GO SUSHI finds niche in Flagstaff

Northern AZ’s Mountain Living Magazine, March 2020

Written by Gail G. Collins

When it comes to drama, it’s better on the stage than in the kitchen. Just ask Charlie Chortabtim, who has worked in television and under a Michelin-starred chef. As executive chef for Hyatt, he ran culinary teams and suffered under the tyranny of secretive chefs, but it all brought him to Flagstaff for a bit of fun and artistic innovation.

“I’m focused on food,” said Chortabtim, describing his vision for Go Sushi, located in the Sherwood Forest Shopping Center on Milton Avenue. “Every dish has to ‘wow.’ If it’s a California roll, it has to be the best in Arizona. This inspires me!” His eyes flashed as he leapt from his chair, telling a story of a couple who confessed to paying $500 for sushi in Las Vegas yet confirmed that Go Sushi was better. “I’m honored.”

Partnered with Apple Krathinthong, the Asian eatery stole onto the scene last April. Both restauranteurs had previously worked at Pato Thai, where they garnered an understanding of the local palate. For several months, the partners readied Go Sushi, engaging customers with previews, tastings and menu play.

The ambience also ramped up as Chortabtim cut metal sheets for the ceiling and strung lights for a Zen garden feel. The irregular bar is polished to highlight the grain, and behind it, shelving and iron art create bento box intrigue. Cheap décor or found objects, like a bird cage, mix with higher end lighting to reflect an inimitable charm.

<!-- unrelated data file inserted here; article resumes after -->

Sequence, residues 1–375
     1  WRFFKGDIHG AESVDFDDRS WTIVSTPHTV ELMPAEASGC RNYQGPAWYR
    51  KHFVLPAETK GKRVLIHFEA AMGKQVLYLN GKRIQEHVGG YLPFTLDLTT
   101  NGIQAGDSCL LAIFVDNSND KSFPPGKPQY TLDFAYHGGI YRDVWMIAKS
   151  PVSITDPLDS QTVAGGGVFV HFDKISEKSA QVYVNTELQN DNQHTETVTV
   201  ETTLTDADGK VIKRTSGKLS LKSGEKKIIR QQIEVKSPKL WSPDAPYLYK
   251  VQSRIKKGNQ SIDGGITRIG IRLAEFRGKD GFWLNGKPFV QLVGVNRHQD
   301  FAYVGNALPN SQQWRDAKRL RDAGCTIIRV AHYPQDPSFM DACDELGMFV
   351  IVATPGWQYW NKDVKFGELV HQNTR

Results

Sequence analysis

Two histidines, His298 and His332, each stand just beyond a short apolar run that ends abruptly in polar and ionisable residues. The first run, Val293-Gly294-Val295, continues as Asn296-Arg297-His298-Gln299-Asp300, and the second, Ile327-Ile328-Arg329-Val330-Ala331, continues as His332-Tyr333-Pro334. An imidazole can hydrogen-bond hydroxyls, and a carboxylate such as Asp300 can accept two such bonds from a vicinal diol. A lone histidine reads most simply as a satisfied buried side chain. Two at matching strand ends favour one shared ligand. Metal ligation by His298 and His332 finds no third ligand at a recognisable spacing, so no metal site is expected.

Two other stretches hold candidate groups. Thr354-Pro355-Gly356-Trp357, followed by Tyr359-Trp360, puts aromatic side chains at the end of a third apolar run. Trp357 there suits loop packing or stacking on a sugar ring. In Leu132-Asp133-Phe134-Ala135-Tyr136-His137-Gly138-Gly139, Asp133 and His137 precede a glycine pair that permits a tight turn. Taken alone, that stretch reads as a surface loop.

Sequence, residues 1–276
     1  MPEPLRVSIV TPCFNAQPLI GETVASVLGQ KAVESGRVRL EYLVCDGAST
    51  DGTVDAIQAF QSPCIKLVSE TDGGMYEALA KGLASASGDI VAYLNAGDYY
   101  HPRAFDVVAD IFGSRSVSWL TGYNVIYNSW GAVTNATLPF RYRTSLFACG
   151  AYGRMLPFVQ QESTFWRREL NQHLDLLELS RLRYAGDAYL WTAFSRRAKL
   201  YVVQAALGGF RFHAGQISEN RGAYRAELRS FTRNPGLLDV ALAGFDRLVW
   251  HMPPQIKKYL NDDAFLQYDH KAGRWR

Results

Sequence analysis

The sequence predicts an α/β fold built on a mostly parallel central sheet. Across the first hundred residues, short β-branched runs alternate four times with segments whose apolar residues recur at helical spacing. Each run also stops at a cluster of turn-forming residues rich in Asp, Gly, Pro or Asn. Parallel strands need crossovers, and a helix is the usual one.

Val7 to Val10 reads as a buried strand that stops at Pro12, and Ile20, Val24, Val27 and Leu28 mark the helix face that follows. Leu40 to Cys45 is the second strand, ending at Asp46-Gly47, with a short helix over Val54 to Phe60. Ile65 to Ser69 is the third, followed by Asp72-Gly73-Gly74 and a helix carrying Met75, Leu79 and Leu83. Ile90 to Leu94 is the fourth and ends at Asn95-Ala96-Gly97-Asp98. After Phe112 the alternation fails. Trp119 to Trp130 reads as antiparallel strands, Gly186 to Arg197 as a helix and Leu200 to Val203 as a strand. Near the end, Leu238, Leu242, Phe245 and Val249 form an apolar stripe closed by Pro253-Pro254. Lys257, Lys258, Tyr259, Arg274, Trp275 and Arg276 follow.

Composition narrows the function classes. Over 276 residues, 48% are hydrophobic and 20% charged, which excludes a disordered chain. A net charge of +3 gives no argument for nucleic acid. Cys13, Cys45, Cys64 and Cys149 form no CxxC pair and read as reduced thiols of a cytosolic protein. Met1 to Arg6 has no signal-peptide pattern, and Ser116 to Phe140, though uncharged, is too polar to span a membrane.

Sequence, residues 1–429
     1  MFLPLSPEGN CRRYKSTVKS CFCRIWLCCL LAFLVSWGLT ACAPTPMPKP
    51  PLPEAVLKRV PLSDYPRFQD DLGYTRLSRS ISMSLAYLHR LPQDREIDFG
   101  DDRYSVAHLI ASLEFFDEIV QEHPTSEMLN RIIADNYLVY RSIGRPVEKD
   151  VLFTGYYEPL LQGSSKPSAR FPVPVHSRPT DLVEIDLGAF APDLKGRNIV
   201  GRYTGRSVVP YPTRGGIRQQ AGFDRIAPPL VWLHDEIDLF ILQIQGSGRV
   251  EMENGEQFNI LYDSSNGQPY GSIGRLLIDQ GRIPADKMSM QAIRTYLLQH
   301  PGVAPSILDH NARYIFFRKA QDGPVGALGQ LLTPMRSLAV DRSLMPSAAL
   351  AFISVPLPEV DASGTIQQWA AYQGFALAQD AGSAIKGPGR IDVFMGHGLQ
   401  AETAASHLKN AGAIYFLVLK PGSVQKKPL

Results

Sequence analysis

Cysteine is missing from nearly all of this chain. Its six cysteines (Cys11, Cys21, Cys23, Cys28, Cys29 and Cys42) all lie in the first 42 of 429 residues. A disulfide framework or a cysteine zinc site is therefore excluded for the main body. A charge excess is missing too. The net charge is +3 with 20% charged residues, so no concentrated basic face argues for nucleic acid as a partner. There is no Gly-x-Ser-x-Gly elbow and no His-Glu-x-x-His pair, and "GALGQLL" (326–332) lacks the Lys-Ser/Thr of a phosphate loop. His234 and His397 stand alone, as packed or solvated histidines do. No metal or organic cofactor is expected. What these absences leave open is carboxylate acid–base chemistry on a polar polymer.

The last effort was building a team of five line chefs. Chortabtim said he prefers newbies with a passion to learn, “You don’t bend bamboo.  Previous experience just gets in the way.”

“I’m tough,” he admitted. “It’s serious training and rough at the start, but I’m proud of their progress. In a year, they have trained from zero to difficult skills.”

As if on cue, Chef Shawn Hongeva produced a mountainous sushi roll, dubbed Indiana Jones. The colossal mass is built on wrapped big-eye tuna and premium grade salmon, crab, avocado and cucumber with pango scallops, resembling boulders that could tumble down as in the movie. Strewn with the house sauce—a scratch sriracha mayo—and tobiko eggs (flying fish roe), the plate presents a delicious spectacle.

“I’ve learned a certain kind of finesse and flow,” Hongeva said of his sushi instruction, “fine-tuning technical aspects to be efficient.”

Quality matters, and ingredients are flown in or Krathinthong heads to Phoenix in pursuit of the best. The red curry is a creamy, fragrant example of the drive for authentic elements.  The classic dish of coconut milk, lemongrass, shaved chicken, slip-thin carrots and green beans is Thailand in a bowl.

Chortabtim takes the time to be artistic, a trait he learned while apprenticing under Suzuki Jin. The Michelin-starred chef has been described as intense in his training and traditions, slicing a daikon radish so thin one could read through it. Exposure to a “Korean kid, who was modern in his skills,” Chortabtim explained his niche style as combination of their strengths.

When Chortabtim is focused on food, innovation can strike anywhere—even the shower. That explains a fusion roll called Titanic. The crowd-pleaser is nearly crowd-sized on an enormous boat-shaped plate. Rich with crab, spicy tuna, eel, cream cheese and avocado, the whole is wrapped in a tortilla and deep fried with a drizzle of house sauce. Or try the Aribiki Izakay, featuring imported, Japanese sausages nestled in sautéed onions and shitake with melted mozzarella cheese and a tangy sauce.

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